Close this search box.

Let Me Tell You A Story…A Homily for the Second Sunday after Pentecost.

By Sr. Constance Joanna, SSJD.

1 Samuel 15.34 – 16.13          Psalm 20 2 Corinthians 5.6-10       Mark 4.26-34

I’ve yielded to the temptation to start this homily by saying “it’s been a quiet week in Lake Wobegone.”

Lake Wobegone, if you haven’t heard of it, is a town smack in the middle of the state of Minnesota, created by the consummate storyteller and writer, Garrison Keillor, who for years ran a show on Public Radio called A Prairie Home Companion. Every Saturday night, as part of his show, he told a story about the inhabitants of Lake Wobegone, in the same vein as our beloved Canadian Stuart McLean and the Vinyl Café in the fictional town of Big Narrows, in an unidentified place in Atlantic Canada.

Lake Wobegone, as Keillor told the story, had a mysterious past. It was omitted accidentally from the map of Minnesota where the four train lines intersecting the state were supposed to cross each other but the surveyors miscalculated and the tracks never met. As a result the mapmakers omitted Lake Wobegone from the state map. However, the American Automobile Association put it on the map when A Prairie Home Companion grew so popular in the 1970s that if you went to someone’s home for dinner on a Saturday night, conversation would politely cease at 8 pm while we all listened to “The News from Lake Wobegone.” And he always started “It’s been a quiet week in Lake Wobegone.”

Well sadly we lost Stuart McLean in 2017. Garrison Keillor’s star has risen and fallen and is rising again at the age of 79. He can still spin a good yarn about ordinary, quiet people in a little prairie town in the middle of (literally) nowhere. The stories from A Prairie Home Companion, like The Vinyl Café, are full of humour and pathos, sadness and joy. In Keillor’s stories, the ups and downs of peoples’ lives are a kind of parable for the ups and downs of the country and the world as seen through the eyes of a fierce democrat. When you finish listening to or reading one of McLean’s or Keillor’s stories, you’re left with a sense of hope that “all will be well, and all manner of thing will be well.”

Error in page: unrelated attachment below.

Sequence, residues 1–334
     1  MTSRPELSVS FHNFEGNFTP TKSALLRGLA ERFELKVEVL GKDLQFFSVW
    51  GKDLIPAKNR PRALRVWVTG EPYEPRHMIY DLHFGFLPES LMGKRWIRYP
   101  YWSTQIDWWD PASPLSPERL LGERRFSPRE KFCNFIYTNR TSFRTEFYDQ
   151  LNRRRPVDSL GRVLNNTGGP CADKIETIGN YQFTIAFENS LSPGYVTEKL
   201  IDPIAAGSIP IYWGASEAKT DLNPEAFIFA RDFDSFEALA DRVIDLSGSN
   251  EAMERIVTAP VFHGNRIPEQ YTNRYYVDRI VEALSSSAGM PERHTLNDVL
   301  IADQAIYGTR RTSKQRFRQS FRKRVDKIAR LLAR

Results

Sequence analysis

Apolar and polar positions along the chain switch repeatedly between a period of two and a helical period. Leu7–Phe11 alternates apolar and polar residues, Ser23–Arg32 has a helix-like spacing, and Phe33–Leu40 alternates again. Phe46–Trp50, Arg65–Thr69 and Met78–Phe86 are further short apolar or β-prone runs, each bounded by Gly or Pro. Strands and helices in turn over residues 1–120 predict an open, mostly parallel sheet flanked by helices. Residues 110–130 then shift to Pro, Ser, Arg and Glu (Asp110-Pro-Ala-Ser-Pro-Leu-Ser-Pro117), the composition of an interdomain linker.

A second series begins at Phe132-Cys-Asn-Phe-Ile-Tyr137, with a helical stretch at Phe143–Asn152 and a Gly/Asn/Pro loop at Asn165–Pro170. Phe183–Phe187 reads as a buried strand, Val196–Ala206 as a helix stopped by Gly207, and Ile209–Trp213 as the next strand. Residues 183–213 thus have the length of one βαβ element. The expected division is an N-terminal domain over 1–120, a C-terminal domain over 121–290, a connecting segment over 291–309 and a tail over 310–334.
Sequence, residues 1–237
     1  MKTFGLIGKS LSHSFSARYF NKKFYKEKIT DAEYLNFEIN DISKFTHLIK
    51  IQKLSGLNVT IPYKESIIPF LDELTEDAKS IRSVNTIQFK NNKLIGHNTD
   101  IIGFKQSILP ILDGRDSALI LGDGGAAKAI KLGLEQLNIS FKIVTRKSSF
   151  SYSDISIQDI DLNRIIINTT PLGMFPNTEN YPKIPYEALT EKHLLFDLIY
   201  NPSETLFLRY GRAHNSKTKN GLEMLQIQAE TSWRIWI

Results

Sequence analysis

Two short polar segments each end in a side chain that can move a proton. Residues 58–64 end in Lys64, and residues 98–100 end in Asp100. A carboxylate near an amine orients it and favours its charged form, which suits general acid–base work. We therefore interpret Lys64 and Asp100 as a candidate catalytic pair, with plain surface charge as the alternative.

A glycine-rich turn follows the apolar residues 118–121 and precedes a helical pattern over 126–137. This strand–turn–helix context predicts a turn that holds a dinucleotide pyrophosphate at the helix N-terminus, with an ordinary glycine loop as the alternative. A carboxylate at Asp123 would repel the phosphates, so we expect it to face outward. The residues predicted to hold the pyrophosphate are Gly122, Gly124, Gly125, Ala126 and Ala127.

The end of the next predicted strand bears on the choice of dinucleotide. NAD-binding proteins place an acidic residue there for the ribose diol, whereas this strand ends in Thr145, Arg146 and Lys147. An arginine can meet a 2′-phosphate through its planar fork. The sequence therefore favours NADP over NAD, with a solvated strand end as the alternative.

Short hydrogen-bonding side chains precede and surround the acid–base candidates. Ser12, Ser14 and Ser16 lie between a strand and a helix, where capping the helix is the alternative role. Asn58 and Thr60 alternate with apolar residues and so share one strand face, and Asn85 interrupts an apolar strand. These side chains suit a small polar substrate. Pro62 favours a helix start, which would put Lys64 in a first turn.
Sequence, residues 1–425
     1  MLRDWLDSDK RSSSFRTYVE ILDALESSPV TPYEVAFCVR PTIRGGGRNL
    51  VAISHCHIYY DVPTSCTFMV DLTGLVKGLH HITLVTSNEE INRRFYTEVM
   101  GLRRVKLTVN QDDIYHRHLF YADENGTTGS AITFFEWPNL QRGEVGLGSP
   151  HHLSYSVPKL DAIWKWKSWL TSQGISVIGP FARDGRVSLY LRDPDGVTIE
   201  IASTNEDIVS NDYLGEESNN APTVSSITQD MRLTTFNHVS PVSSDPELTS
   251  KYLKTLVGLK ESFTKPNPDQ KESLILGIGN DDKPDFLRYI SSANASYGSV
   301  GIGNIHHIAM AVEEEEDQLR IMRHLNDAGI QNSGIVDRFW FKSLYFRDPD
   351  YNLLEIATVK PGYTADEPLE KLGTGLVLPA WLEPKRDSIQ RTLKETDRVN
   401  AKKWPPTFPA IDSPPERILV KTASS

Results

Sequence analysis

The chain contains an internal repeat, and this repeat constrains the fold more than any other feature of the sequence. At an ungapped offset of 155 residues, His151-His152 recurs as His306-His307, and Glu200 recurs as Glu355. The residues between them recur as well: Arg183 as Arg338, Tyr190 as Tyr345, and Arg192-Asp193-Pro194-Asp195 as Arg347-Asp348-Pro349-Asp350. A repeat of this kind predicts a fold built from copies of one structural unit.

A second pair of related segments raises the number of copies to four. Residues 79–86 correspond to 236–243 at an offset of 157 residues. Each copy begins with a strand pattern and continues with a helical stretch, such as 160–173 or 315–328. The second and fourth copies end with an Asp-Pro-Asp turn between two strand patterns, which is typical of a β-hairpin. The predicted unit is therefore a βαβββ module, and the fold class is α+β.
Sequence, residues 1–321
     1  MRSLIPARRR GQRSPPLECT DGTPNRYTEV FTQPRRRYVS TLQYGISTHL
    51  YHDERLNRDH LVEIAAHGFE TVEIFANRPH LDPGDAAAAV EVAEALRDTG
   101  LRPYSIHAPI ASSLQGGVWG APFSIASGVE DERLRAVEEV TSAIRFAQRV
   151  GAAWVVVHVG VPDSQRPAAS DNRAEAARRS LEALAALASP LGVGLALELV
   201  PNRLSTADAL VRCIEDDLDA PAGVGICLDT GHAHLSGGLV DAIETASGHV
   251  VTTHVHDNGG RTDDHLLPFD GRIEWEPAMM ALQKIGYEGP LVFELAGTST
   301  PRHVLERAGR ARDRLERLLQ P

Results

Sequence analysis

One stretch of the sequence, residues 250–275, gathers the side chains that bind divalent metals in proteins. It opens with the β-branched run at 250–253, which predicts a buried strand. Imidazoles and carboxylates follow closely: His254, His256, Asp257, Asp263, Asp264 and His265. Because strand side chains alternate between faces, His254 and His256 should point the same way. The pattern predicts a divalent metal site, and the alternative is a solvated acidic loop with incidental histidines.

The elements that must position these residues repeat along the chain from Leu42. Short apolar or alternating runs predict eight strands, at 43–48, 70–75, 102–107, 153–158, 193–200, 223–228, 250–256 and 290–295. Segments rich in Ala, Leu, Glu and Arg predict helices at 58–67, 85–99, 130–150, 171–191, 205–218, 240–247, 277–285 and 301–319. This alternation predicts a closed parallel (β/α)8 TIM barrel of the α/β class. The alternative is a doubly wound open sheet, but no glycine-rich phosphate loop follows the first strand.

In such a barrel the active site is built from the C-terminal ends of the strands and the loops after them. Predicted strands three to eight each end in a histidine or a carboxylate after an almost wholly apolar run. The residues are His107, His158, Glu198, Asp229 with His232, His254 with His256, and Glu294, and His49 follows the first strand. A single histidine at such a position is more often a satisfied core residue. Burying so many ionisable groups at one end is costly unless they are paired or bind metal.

Now I’ve strayed from the scripture readings to talk about storytellers because great storytellers have a few things in common with Jesus. They can speak truth to power in parables. They touch the lives of ordinary people with healing and hope. People like McLean and Keillor can relate to anyone – rich or poor, morally good or bad, healthy or sick, male or female, adult or child. Jesus did the same. He loved them all – even those he criticized, which is what made him both weep and express anger at the religious authorities, because those beautiful people, walking images of God, were created to do good and had been badly tarnished.

Jesus grew up among ordinary people in a little town in first-century Palestine. We often try to make him relevant to contemporary people by describing the Holy Land – but for non-church-goers books like the Joshua stories bring Jesus right into contemporary life, instead of taking us to Palestine. So sometimes when I ponder the parables I try to picture what it would be like for Jesus to be telling his stories and talking of God’s love here in Toronto, or the Canadian prairies, or Cape Breton.

So it’s been a quiet week in St. John’s Convent but a creative one. We’ve been inspired and energized by our conversation about outreach ministries, by Sr. Wilma’s telling us the stories of some of our departed sisters. Sr. Elizabeth and I have had the privilege of an amazing conference with Susan Beaumont on How to Lead When You Don’t Know Where You’re Going, and we were moved and inspired by the beautiful Morning Prayer service on St. Columba’s Day, led by all of the sisters. It made me feel so proud of us as a community of ordinary people faithfully singing in a 1500-year tradition of the monastic office. We had a joyful beginning to our Companions Online program last Sunday. And the churches are beginning to open. Commerce is beginning to revive. So many encouraging and hopeful and healing things for us and our church compared to the week before.